The lowest pool bid does not guarantee the lowest finished cost

There are a lot of costs associated with owning a pool. Some examples are opening the pool, seasonal chemicals and supplies, seasonal maintenance, seasonal services, and closing the pool. And if your pool needs work, this is another cost. Always get a bid when you need pool work. But don’t settle for any bid. Get a professional pool bid.

A professional pool bid should contain at least these 3 inclusions:
  • A notice of all legal parties will detail who is doing the work (the pool company/contractor) and who the work is being done for (you).
  • The scope of work will detail all of the materials and all of the labor (in-house and sub-contracted) that is provided.
  • The cost will detail the overall price for the job as well as a payment schedule to note when payments are due.

Our bids contain all 3 inclusions. This will provide you with clarification, data and numbers to make an informed decision.

While I pride myself on being a Registered Contractor with the State of Nebraska and the owner of one of the most reputable and tenured pool companies in town, it is safe to say that I am not the best salesperson in town. The main reason is that I simply will not always be able to tell you what you want to hear. But, I will always tell you what you need to hear (and this will be verified within the written bid). I tend to think this would make me a great salesperson, but it does not always translate to sales and jobs.

Some alarming news about pool bids:

The unfortunate truth is that many pool companies practice unethical bidding practices. They secure sales – and more importantly for them, the prized and often much-needed upfront down-payment money – with the “lowest bid” approach. I am certainly not telling you to red-flag and disqualify every lowest priced bid. Because I too have submitted what ultimately was the lowest bid. But I am advising you to do your homework when you are considering the lowest bid.

Too many pool owners too many times have encountered two primary problems when accepting the lowest bid:
  1. Once the pool company has your down-payment money they are hard to reach to schedule a start date. That pool company knowingly secured your sale with a low bid just because they needed your down-payment to provide some much-needed cash flow. Now, they have no interest in your job because they know it is not a money-maker.
  2. Once they do start on your job – which will only be when no other business revenue is coming in – they tend to execute change-orders (plural) with price increases (plural) to secure the money that they need – that they always knew they needed – so that it is now worthwhile for them to work on your pool. I am certainly not telling you to red-flag a change order. Because I too have had to execute a change order within a job. The unfortunate part of some pool work is that there can be unknown variables before the actual work can begin. Again, I am not telling you to red-flag a change order. I am merely advising you to do your homework when you are considering the lowest bid, primarily a much lower bid. These low and oh-so-attractive bids are the ones that typically include change orders (plural) when the work finally begins.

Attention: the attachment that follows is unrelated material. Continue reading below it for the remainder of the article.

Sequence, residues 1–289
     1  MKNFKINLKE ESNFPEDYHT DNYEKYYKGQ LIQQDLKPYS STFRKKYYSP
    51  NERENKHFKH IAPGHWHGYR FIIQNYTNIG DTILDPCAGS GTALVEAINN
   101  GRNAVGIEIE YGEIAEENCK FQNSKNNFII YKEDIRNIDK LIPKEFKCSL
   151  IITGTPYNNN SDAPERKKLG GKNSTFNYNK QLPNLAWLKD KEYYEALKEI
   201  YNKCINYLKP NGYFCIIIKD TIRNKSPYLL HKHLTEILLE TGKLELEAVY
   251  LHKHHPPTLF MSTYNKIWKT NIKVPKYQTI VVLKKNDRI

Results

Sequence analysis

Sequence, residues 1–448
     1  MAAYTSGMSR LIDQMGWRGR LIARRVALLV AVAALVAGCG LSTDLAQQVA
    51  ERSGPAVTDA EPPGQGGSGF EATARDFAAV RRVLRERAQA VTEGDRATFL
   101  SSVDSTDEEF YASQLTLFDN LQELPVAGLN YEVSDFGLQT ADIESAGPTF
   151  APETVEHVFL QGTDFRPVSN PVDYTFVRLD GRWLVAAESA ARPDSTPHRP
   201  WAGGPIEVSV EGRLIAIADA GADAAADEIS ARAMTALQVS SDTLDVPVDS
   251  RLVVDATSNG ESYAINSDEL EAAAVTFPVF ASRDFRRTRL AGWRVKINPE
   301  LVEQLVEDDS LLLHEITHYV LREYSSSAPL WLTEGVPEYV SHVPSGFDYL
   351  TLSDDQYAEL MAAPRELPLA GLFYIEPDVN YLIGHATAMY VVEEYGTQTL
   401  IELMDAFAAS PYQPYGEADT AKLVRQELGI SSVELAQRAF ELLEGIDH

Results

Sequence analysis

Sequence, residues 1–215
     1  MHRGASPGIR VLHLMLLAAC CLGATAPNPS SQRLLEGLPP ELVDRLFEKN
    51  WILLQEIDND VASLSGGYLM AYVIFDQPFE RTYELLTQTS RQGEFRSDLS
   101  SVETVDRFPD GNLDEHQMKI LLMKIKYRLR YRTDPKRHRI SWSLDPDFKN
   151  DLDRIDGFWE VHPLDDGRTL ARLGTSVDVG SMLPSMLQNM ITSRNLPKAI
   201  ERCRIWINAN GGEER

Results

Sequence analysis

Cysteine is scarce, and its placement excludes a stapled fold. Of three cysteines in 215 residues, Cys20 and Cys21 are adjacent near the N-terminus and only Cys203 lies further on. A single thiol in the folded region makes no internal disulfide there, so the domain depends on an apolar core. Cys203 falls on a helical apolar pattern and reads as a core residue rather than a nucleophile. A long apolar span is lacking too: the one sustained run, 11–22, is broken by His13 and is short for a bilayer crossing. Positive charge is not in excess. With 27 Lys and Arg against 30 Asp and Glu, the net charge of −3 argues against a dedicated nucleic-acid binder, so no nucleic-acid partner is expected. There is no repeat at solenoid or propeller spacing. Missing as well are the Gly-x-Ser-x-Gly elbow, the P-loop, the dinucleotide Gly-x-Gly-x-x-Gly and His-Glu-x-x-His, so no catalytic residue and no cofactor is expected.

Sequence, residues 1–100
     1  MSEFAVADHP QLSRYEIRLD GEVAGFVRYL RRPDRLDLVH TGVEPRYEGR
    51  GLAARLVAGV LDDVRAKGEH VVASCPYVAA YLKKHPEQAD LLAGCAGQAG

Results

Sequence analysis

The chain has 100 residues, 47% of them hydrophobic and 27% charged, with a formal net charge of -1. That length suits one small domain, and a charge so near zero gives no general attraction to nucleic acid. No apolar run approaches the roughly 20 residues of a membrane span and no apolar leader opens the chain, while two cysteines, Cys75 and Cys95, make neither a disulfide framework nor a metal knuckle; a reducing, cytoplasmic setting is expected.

Excuses, delays, and pre-planned change orders are not fair to you. But they are often the result of accepting the lowest bid. And, more times than you think, these low bids often become the fair-market price (if not a higher price) than the other original bids.

I am not going to name names and point fingers. It is ultimately up to you to do your homework.

A real-life example of the lowest bid not resulting in the lowest finished cost:

I bid a fairly significant residential pool repair. We did not get the job. She said my bid was literally over $8,000.00 higher than her other bid. She had 2 bids, mine and another. I knew my bid was at fair market value. She thought my bid was high. I suggested a third bid. This would let her see where that bid was priced in relation to the other two prices. This third bid would have been a great indicator of fair market value. She had no interest in me or my advice. In fact, she was not shy in telling me how she felt about me.

She chose the lower – the much lower – bid.

Then, I apologetically heard from her later that Summer. Her job was not even close to completion. And the job was now going to cost even higher than what I had originally bid. Because of the amount of the down-payment and early-phased money that she had already paid that pool company, she had no choice but to stay with them. The project literally lingered through the entire Summer. It cost more than it should have cost. And it showed no pride of workmanship.

This happens way more often than you might think.

Do your homework when collecting pool bids.

And don’t just meet the owner or salesperson of the company. Also meet the contractor and/or jobsite foreman. What is nice about having us bid your pool work is that when you meet me, you will meet the company owner, salesperson, registered contractor in Nebraska, project coordinator, jobsite foreman, and a physical laborer.


Free Advice:

If a pool company needs a down-payment from you to work on your pool, think twice. You shouldn’t have to fund and bankroll their business operations. When you hire us, you will only pay once we meet pre-determined phases. This is fair to us. And this is equally fair to you. We are getting paid for the services that we did render. And you are only paying for what was already completed. We never require a down-payment.


Contact Expert Pool Work, Inc. at 402-341-8132 or info@expertpoolwork.com to discuss your pool or submit a short form to schedule free onsite consultation.


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